It Starts With You

We’re beginning a dialogue. All around the country, students, thought leaders, and their communities are discussing constructive approaches to living together in a society of difference, where every voice is heard.  

Especially when societal values like non-discrimination or child welfare interact with faith, many see friction and no solutions. Today’s tense public discourse drives young people away from even exploring how best to live together.

We have a better way: talking to each other.

Engaging Hard Issues at the Intersection of Faith, Sexuality, and Families

For example, LGBT people face discrimination in housing, jobs, and restaurants in parts of the country.  They want to be treated like everyone else.

Religious schools, employers, and small businesses seek to affirm their deeply held convictions around religious sacraments—like marriage and circumcision.  Sometimes they ask to step aside from services that would violate their beliefs.  Sometimes houses of worship are regulated like government buildings, grocery stores, and other public places.

Instantly, important freedoms are in tension.

Equally hard, children are dying in pockets of the US from “faith healing.” Does respecting faith mean that nothing can be done to prevent these tragic deaths? Will jailing parents save lives? Can we better protect children by engaging religious communities more deeply? 

Is there a solution to hard issues that best serves all our commitments?  This is where the Dialogues come in.  

More Than An Idea

The Tolerance Means Dialogues challenge the misconception that it’s impossible for people of good will to find common ground on the hardest issues. The Dialogues harness and amplify the insights of Millennials and members of Gen. Z, tomorrow’s leaders, who have grown up with unprecedented diversity—and a spirit of openness and inclusivity. Just look at the essays written by our scholarship winners. Tolerance, they urge, means moving beyond ambivalence and forging a path toward genuine respect.

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Parents should cry when a son or daughter comes out to them. Tears of joy should roll down their faces, because their child somehow managed to find the courage to become a potential target in the face of an outdated but ever present adversity.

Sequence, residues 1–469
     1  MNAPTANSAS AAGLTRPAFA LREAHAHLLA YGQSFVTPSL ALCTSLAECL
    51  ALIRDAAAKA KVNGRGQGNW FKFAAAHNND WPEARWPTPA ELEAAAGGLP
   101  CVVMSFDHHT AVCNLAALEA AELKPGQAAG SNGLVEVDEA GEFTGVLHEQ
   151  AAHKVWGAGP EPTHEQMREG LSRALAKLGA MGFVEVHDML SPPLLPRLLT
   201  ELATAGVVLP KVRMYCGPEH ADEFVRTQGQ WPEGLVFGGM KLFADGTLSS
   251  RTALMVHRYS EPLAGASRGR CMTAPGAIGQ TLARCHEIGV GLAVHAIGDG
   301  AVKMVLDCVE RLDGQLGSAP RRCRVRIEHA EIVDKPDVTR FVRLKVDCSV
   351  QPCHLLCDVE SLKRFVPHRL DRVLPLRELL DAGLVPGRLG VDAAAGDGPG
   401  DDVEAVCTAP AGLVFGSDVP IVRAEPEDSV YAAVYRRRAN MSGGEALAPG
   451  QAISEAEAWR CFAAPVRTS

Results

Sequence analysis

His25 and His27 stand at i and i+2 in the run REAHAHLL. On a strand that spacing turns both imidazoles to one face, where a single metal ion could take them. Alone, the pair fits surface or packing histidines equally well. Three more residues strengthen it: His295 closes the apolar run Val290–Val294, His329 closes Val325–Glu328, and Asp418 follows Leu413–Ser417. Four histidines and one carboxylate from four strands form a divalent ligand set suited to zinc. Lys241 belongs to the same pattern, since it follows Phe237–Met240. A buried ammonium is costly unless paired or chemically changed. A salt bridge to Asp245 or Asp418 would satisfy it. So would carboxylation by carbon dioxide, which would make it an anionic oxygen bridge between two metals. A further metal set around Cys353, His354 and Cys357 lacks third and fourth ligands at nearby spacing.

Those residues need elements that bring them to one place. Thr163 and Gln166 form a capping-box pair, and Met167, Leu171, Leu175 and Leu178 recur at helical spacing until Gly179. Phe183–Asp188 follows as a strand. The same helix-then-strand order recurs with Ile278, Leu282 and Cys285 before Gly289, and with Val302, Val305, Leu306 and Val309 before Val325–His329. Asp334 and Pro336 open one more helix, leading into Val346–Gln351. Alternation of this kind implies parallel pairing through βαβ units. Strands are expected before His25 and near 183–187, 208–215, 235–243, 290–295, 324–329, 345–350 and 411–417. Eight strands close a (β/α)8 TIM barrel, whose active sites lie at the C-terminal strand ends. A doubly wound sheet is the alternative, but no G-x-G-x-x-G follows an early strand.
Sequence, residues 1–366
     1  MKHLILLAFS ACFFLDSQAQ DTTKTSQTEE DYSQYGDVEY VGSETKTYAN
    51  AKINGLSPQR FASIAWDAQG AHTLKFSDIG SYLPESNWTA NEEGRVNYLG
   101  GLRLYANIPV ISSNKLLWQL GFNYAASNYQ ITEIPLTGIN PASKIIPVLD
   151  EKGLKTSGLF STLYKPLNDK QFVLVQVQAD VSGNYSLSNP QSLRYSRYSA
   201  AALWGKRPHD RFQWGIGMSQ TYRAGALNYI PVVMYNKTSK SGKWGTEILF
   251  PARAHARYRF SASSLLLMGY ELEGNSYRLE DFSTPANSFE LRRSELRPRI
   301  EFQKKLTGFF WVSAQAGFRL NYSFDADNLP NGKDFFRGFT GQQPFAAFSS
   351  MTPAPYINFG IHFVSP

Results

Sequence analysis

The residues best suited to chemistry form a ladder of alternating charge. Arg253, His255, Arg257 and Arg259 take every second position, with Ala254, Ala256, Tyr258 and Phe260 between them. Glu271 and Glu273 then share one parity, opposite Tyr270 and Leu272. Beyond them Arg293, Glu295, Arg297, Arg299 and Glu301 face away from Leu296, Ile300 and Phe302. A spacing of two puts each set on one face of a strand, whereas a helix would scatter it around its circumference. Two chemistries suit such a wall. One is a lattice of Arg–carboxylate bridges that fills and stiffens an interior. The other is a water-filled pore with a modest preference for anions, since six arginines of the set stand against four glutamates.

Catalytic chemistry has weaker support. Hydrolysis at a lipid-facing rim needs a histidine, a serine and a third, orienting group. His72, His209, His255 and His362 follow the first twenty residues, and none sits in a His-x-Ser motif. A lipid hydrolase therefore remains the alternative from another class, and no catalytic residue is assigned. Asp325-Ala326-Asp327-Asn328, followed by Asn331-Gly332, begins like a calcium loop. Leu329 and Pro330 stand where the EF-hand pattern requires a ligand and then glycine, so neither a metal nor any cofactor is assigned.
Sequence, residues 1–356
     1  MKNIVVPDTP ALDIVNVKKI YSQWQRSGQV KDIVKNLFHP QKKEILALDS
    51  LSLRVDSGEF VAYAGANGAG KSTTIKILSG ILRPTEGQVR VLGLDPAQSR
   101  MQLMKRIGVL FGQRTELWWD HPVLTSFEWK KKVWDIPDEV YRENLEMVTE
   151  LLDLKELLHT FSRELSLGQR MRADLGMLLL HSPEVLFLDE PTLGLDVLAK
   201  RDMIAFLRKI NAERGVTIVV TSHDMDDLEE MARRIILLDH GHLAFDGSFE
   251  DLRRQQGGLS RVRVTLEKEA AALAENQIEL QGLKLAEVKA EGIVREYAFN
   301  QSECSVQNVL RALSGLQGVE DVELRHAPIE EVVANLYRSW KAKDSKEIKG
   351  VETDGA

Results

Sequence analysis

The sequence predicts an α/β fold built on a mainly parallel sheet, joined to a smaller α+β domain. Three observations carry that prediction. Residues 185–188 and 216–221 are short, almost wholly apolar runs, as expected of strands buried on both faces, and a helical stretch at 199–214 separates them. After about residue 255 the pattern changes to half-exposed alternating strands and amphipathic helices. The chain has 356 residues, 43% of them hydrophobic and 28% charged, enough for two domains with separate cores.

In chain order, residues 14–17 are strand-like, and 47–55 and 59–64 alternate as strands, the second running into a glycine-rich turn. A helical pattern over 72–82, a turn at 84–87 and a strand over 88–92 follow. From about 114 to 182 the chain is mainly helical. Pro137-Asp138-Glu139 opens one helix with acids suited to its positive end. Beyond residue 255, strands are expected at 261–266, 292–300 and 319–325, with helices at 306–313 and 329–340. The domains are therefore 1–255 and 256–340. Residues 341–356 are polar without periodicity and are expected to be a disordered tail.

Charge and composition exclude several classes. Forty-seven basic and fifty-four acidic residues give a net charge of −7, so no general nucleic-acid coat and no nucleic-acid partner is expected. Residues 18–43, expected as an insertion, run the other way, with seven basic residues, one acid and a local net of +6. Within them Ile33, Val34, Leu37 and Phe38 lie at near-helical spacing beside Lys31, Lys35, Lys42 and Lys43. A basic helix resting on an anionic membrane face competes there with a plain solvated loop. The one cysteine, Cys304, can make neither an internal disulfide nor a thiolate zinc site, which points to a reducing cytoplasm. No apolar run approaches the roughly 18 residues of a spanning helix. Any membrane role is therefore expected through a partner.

Elizabeth Kazmierczak

Undergrad Winner
University of Illinois

In every ecosystem in the world, diversity is valued and necessary for the survival of all organisms in the environment, a more diverse population has a stronger fitness. There’s one exception to that rule and that’s with human society. We think diversity makes us weaker.
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I just thought tolerance meant even though I do not agree with you, I just let you do what you want and not say anything to you . . . That is not tolerance but the destruction of the societal balance and what makes America so promising to so many groups of people over the past centuries.

Arielle Brown

Graduate Winner
University of Illinois

I strive to listen before I speak and to find connections more than I find differences. Tolerance in dialogues highlights the unspoken similarities between individuals. Have we as humans experienced similar forms of trauma? Oppression? Joy?

Blake Gibney

Graduate Winner
University of Illinois
College of Law

Tolerance does require me to accept the reality that other people have different core values. Tolerance does require me to accept that I cannot change the hearts and beliefs of every person. Acceptance is difficult but it is the best way to propel meaningful dialogue.
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Sarah Arney

Undergrad Student Winner
University of North Carolina

In the religious context, I don’t think tolerance makes much sense…The conversation I want to have in my religious community is not about how to tolerate gay people, but rather whether we will fully accept their faith and relationships.

All Views

In our tense public discourse, valuable insights can be lost. Not only is that a shame, it is self-defeating—these insights may hold the key to solving these difficult problems.  So, to guide this important conversation, we've brought together voices that capture all angles and points of view.

Each Dialogue approaches its subject with a sense of compassion and respect, with a spirit of civility. The reality is that none of us knows all there is to know.  Only by listening with an open mind can we move forward together.  


Putting It Into Practice

We're hitting the road and taking these dialogues to all corners of the country. Take a look at where we've been and where we're planning to go.

University of Pittsburgh

Idaho State Capitol

University of North Carolina

University of St. Thomas

Loras College

University of Illinois

University of Alabama

Case Western Reserve University